Pockets of unvaccinated people have left many children exposed to the most contagious and potentially deadly disease–the measles. Here in the United States, we are seeing outbreaks across over 21 states as of mid-March (2019), with no end in sight.
I’m going to add some interesting facts that you may not know about the measles at the end of this article, so stay tuned. First, a piece of information that may be what you need to head out and grab your kid the vaccine.
When you contract the measles virus, it knocks out your immune system leaving you exposed again to ALL disease, even if you’ve had them before. Here’s the latest:
The measles vaccine became available in the US in 1963, and after that time, the cases of deaths from the measles dropped drastically. This also correlated to a drop in childhood deaths from other infectious diseases.
This phenomenon was a mystery until the somewhat recent past when researchers discovered the link between catching the measles virus and how the immune system reacted to it.
They found that when you catch the measles virus, it destroys your immunity to other diseases that you were past exposed. The measles kills white blood cells (T-lymphocytes)—ones that build up immune memory.
Scientists are calling this phenomenon “immune amnesia.”
In research conducted on monkeys, scientists found that when they were given the measles virus, they were only left with immunity to the measles. The monkeys had lost all memory cells they had previously to other infections. After about a month, these immune cells returned ready to make memory cells to new infection exposure, but the monkeys had to be re-exposed to all infections again. (2) The immune memory once formed to previous infections no longer existed.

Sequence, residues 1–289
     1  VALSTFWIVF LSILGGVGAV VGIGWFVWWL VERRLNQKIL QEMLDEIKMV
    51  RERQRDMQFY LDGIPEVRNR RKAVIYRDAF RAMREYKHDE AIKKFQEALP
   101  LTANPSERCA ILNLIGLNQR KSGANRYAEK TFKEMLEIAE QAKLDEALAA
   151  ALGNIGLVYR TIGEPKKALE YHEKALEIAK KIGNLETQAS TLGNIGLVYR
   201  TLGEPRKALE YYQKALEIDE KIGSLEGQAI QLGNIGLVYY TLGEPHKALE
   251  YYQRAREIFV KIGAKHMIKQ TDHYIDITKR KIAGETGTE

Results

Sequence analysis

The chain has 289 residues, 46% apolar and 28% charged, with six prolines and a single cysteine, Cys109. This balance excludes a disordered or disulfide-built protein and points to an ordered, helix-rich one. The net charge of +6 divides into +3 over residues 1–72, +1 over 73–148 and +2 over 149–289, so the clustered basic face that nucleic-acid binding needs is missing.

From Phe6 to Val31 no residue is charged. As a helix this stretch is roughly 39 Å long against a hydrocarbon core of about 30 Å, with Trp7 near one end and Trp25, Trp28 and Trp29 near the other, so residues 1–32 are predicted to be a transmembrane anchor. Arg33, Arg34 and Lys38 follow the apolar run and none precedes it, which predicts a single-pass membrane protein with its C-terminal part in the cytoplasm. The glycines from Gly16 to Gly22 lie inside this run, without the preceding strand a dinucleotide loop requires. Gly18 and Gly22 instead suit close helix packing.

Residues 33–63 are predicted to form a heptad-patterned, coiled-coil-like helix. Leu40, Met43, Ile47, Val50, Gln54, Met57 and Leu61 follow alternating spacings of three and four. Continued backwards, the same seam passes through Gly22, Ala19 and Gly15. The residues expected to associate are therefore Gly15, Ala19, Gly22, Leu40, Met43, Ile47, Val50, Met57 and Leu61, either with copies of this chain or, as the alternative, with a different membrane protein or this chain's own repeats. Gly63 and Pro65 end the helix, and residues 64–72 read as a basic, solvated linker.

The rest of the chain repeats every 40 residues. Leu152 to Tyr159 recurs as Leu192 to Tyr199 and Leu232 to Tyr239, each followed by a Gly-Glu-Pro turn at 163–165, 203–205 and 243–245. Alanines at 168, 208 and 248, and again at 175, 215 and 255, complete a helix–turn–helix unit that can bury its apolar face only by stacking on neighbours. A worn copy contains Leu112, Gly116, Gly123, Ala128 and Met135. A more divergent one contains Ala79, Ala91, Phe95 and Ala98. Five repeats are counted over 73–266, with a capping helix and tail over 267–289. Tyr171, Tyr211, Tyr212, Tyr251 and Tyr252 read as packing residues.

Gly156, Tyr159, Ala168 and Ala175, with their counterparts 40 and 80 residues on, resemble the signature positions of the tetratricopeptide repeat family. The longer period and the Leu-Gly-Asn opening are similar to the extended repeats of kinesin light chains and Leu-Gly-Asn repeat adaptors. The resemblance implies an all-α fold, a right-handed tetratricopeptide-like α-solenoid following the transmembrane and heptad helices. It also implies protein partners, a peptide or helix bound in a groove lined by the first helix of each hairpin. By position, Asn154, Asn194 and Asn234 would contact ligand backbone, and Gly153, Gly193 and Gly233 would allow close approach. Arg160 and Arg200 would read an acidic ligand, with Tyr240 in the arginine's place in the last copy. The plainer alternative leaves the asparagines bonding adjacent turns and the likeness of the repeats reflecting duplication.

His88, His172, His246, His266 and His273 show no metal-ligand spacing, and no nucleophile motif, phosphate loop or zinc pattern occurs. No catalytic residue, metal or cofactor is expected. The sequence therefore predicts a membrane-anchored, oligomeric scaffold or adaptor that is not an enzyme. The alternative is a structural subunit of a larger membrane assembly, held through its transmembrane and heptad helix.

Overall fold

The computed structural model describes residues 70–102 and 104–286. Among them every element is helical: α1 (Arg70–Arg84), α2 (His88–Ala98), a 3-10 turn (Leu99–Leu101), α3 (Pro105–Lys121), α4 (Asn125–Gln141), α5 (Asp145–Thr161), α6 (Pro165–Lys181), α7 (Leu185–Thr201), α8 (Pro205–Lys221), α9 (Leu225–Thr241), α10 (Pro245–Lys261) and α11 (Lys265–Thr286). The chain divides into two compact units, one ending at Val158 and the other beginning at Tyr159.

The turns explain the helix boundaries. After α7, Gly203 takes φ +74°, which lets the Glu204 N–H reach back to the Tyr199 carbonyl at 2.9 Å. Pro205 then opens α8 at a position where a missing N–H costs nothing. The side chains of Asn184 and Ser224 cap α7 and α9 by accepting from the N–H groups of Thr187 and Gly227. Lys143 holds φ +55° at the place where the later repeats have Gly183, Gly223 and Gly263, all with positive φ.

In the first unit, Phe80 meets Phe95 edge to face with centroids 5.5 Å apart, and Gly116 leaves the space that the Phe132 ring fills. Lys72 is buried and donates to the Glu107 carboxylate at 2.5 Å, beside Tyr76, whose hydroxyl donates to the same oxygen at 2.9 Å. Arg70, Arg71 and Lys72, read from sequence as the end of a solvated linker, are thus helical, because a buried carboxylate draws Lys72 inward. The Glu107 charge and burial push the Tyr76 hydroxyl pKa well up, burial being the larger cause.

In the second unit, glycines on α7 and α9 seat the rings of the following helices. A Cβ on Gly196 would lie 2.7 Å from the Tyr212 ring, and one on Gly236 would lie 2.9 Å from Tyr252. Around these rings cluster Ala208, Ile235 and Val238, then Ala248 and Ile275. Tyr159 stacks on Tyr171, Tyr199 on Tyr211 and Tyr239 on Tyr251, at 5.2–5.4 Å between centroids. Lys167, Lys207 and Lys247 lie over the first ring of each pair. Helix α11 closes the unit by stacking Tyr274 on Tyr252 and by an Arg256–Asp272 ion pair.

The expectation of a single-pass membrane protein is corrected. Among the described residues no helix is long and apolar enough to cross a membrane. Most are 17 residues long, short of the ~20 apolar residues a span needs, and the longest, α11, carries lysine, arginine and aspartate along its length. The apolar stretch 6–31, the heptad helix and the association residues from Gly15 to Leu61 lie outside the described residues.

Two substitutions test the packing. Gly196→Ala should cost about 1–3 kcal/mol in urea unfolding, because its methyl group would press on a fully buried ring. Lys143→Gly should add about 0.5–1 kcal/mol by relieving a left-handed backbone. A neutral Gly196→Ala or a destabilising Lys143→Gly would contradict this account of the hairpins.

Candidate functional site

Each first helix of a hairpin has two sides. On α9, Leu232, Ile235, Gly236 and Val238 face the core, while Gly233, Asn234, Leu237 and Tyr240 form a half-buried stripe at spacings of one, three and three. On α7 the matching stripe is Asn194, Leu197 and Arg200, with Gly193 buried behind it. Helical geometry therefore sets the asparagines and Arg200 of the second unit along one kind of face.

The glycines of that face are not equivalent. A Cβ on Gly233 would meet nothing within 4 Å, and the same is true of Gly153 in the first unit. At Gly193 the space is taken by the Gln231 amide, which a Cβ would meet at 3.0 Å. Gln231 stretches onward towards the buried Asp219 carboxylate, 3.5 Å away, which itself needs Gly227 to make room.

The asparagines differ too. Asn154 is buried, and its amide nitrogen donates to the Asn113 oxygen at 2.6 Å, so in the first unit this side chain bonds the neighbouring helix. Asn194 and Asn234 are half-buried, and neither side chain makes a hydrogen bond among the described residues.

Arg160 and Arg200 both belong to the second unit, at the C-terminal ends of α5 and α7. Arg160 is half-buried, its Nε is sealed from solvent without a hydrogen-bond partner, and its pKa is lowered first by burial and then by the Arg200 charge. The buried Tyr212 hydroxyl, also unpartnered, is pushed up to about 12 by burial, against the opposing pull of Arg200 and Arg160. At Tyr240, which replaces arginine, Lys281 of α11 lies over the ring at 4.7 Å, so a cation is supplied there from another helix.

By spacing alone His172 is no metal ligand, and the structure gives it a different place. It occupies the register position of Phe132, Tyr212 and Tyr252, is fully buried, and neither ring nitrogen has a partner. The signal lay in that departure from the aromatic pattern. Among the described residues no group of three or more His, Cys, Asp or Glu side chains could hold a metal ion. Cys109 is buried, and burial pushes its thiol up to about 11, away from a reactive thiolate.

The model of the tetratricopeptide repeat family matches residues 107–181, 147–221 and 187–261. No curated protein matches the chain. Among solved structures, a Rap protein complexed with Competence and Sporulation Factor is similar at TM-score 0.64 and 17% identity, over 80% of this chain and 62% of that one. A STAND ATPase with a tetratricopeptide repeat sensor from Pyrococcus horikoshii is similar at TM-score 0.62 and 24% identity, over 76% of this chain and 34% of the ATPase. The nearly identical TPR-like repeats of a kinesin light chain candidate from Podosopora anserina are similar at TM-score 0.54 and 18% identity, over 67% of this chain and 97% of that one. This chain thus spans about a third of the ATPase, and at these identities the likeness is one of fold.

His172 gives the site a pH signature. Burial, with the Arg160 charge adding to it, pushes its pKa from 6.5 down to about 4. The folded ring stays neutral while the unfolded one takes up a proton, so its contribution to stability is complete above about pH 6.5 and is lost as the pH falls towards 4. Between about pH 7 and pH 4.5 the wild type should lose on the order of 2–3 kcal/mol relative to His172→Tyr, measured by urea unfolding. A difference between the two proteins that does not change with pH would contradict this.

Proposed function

The effects in years before 1963 on measles contractors were so large that researchers believe through statistical calculation around half of all childhood infectious disease deaths were linked to this memory amnesia.
According to research, children who have the measles virus at the age of one would not have protective immunity to infectious disease until they are 2-3 years of age. (4) This means that the re-set of the immune system memory cells may be a year to several years. Meaning the measles takes a toddler’s immune system back to that of a newborn.